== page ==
Keeping your system abreast of technological advances is more complicated than it might seem. Christine Seib gets some advice from the experts.
Taking your system into the new millennium is much more than just knowing which programme to buy. It's about staff, external consultants, service standards, dealing with the possibility of a merger and deciding where you want to take your whole business.
CMG Admiral and Cincom Systems are experts in system development, integration, call centre technology and document solutions, working with insurance companies' systems on a regular basis.
CMG's insurance division associate director Mike Woods and Cincom's solutions director Najib Hasnain say there are a number of issues, apart from nuts-and-bolts infrastructure and applications, that can affect the success of system development.
They both agree that it is vital for insurance companies to ensure they are working with the right supplier.
"Technology moves at a very fast pace, so you have to contract yourself to the right supplier," Hasnain says. "You're putting all your eggs in one basket and you can't afford to be let down."
He offers this piece of advice to avoid disasters down the track: "Ask them for future development plans. If they don't give them to you, forget it and go somewhere else."
Staffing makes up another of the key factors in moving technologically forward. Hasnain says: "Look after your staff. You invest a lot of money in the business and the system, so make sure they get trained in the new technology - invest in your people through refresher courses and updated training."
And no matter what system is used, your staff need the right skills to keep the business current and moving forward.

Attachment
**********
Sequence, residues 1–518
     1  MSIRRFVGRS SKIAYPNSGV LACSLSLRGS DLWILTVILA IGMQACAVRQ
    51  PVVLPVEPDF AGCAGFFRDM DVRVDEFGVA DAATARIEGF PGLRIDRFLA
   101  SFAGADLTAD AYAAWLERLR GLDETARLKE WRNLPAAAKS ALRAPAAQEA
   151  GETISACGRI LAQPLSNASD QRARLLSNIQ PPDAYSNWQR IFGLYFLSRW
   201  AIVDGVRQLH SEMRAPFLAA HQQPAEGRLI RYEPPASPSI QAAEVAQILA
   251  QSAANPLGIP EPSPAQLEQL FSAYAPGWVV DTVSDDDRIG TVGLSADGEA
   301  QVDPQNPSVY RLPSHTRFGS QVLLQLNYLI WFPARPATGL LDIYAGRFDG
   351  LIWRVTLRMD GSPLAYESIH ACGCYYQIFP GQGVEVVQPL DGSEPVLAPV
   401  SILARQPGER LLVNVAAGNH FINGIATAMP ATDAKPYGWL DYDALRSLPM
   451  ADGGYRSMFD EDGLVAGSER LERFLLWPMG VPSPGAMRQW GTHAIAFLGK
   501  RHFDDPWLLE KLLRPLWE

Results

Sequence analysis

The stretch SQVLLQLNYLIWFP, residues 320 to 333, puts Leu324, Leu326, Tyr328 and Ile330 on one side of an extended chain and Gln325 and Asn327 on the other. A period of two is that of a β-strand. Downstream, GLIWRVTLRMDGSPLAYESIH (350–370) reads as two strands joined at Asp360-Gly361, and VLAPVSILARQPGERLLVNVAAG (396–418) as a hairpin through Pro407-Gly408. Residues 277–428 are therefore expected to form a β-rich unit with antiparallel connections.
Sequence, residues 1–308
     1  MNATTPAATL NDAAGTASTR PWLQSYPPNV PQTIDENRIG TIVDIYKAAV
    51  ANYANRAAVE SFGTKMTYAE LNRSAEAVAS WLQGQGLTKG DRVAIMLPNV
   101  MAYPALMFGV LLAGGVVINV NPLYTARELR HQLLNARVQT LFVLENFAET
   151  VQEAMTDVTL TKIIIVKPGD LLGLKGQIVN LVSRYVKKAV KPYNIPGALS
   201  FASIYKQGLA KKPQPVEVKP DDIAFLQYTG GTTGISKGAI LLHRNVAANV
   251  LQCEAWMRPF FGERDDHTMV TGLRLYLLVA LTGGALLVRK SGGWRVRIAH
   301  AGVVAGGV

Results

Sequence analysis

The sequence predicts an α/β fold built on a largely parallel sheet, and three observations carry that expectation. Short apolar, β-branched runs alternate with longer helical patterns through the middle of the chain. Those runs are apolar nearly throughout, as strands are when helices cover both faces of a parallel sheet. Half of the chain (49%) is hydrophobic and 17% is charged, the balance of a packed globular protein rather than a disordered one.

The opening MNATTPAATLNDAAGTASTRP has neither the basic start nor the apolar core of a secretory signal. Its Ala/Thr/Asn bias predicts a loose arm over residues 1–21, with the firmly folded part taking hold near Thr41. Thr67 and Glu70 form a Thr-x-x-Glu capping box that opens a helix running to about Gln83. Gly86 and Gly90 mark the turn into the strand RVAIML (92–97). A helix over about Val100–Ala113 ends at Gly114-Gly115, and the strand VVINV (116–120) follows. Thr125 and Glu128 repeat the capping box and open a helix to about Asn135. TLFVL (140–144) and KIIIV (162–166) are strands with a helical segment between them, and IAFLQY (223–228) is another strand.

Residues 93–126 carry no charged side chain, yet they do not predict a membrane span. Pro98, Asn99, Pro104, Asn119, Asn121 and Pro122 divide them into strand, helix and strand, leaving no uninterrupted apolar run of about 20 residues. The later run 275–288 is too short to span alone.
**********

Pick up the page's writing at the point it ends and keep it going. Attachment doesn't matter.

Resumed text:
Before buying anything or bringing in the experts, companies need to first work out the direction in which they wish to take their business, because that will decide the technology required.
Woods says: "They've got to decide how they're going to meet their future needs. Technology's moving very fast and there's no easy answer to how you do it."
Hasnain also warns that you should never let your system get so out of date that it can't be replaced without difficulty, or you may have trouble moving your system forward smoothly.
"One worry is that the infrastructure gets so old that it can't migrate. An insurance company I worked with allowed its mainframe to get so old that they had to scrap it rather than transfer. It's a nightmare of retraining and cost."
Woods says the emphasis on the kind of system used will also need to change. "The biggest dilemma I see for the insurance industry is that many companies have legacy systems, which are stable, functionally rich and meet a lot of their business needs, but the key drivers now are flexibility and speed to the market. How do you get your legacy system to deliver these new needs?"
Mergers, so common in the industry, also put a strain on system development. According to Hasnain, companies don't often check which systems they had and their compatibility until well after the merger.
"You need to understand how the systems work and what products the company's selling, because the system supports the products," he adds. "Some applications have gone bust, so check supplies for the system are still around."
Failures to properly prepare for merging systems can cost dearly in terms of lost business while the restructuring, retraining and, if necessary, re-hiring is being done.
And says Hasnain, these are the biggest costs and the biggest risks.
Tips from the top
IT experts from some of the UK's biggest insurers reveal how they keep up with technological development
Norwich Union Insurance's technology services head Gordon Dunst: